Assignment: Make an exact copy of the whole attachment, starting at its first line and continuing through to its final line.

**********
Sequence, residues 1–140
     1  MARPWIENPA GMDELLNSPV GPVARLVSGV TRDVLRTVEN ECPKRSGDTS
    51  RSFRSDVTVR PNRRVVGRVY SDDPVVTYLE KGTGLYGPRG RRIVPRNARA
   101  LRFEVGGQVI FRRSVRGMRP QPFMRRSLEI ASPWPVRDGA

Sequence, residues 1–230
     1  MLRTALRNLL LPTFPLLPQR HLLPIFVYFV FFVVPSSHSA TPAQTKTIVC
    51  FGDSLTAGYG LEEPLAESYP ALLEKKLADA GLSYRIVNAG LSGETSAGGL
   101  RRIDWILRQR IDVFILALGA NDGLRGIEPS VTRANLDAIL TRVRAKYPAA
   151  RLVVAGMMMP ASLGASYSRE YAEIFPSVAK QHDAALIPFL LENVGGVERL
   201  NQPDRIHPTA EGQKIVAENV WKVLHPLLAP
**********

Sequence, residues 1–140
     1  MARPWIENPA GMDELLNSPV GPVARLVSGV TRDVLRTVEN ECPKRSGDTS
    51  RSFRSDVTVR PNRRVVGRVY SDDPVVTYLE KGTGLYGPRG RRIVPRNARA
   101  LRFEVGGQVI FRRSVRGMRP QPFMRRSLEI ASPWPVRDGA

Sequence, residues 1–230
     1  MLRTALRNLL LPTFPLLPQR HLLPIFVYFV FFVVPSSHSA TPAQTKTIVC
    51  FGDSLTAGYG LEEPLAESYP ALLEKKLADA GLSYRIVNAG LSGETSAGGL
   101  RRIDWILRQR IDVFILALGA NDGLRGIEPS VTRANLDAIL TRVRAKYPAA
   151  RLVVAGMMMP ASLGASYSRE YAEIFPSVAK QHDAALIPFL LENVGGVERL
   201  NQPDRIHPTA EGQKIVAENV WKVLHPLLAP